Friday, July 4, 2014

Any Guilt Feelings Among Black Americans Traveling in Latin America?

Terri, an African-American member of a Facebook forum, Brothers and Sisters in Latin America, posed a question to those of us who have lived or visited a Latin-American country. She wanted to know if any of us felt any guilt or felt badly that we, as Americans, get better treatment and more respect than the black citizens of the countries we visit.

The reason I personally do not have guilty feelings is because, as much as possible, I try to connect with the black community in the countries to absorb as much as I can about their black experience and history. Monetarily, I offer support in ways that I can afford, but at the same time, I do not allow anyone to take advantage of me. 

In the commercial district of Cartagena, Colombia, I came across a black woman selling her wares. Although, I saw nothing that I wanted or needed, I handed her some money just to be helpful. There were other times, in certain countries, that I blended so well with the black community that I too sometimes experienced disrespect due to racial prejudice. 

In Chincha, PerĂº, an Afro-Peruvian friend escorted me to a bus station to inquire about the price of a ticket to Ecuador. The man shouted the price at me in a tone of voice expressing doubt that I could even afford it. In Quito, Ecuador, I had trouble catching cabs in certain parts of town, especially at night, because I was profiled as an Afro-Ecuadorian thug. One Friday night I saw a cabbie drop off a white couple, and when I tried to enter, he wagged his finger in utter defiance. I then waved two $5 bills, LOL; he changed his mind instantly. Once in the cab, he was pleased to learn that I'm an African-American traveler and not an Afro-Ecuadorian native...sigh!

Tamara, another one of our African-American members, was generally treated with warmth and respect in her travels, however, she spoke of one isolated incident in a department store in Lima, PerĂº. She saw some soccer jerseys that she wanted to get for her nephew. She tried to get the store clerk's attention, but the clerk turned and walked away. Within minutes, the store clerk returned with a man who was possibly a security officer. When Tamara addressed her in English, the clerk's attitude changed abruptly giving Tamara a very pleasing smile. Tamara was so turned off by the obvious racial profiling that she decided to shop somewhere else (good for Tamara!).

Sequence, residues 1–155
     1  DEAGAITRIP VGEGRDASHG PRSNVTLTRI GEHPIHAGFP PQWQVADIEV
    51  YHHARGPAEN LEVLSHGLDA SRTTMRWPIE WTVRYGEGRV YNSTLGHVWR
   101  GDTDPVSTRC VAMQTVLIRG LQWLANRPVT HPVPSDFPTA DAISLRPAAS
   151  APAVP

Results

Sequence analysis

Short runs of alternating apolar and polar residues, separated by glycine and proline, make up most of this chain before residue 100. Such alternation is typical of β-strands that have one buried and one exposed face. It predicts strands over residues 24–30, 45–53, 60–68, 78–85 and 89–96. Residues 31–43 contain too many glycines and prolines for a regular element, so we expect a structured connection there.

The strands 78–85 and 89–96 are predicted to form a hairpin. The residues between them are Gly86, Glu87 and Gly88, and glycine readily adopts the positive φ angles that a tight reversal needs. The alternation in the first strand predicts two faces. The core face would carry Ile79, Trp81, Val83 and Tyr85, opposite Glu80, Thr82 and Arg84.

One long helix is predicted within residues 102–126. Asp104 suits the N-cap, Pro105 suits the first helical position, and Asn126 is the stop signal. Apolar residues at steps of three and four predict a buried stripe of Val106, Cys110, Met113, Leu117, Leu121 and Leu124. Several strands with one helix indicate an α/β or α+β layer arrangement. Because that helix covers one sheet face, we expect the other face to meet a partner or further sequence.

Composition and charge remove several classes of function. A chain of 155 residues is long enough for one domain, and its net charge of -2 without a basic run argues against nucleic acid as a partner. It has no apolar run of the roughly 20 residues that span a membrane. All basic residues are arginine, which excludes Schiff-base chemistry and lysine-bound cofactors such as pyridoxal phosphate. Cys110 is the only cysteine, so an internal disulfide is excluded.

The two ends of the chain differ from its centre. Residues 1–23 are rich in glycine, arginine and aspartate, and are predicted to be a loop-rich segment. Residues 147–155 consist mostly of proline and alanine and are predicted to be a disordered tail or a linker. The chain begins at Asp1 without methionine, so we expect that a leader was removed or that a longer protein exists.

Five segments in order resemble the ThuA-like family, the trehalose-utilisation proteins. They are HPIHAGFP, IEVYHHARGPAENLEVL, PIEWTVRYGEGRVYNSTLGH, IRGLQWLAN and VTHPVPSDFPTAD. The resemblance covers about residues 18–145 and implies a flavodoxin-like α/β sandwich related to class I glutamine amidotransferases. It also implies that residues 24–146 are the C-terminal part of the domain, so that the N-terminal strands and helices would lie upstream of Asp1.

Thierry, an Afro-Latino member of the group stressed that in Latin America, tourists of “any” color get treated better than local Latin-American citizens, regardless of their race. I tend to agree. I believe that if I stayed in a fancy hotel speaking English only, and perceived as having a pocket full of money, I would not have experienced any racism. In Latin America, money “whitens” your skin.

He [Thierry] also added that the great hospitality that visitors from other countries receive from Latin Americans may also be a way for them to take advantage of you, i.e., to charge you much higher prices—the famous gringo tax. Fortunately for me, my attempts to establish bonds with local citizens and immerse myself in the language and cultures of the barrios (the hood) results in cheaper prices for food, lodgings, entertainment, and souvenirs, which always saves me an enormous amount of money.

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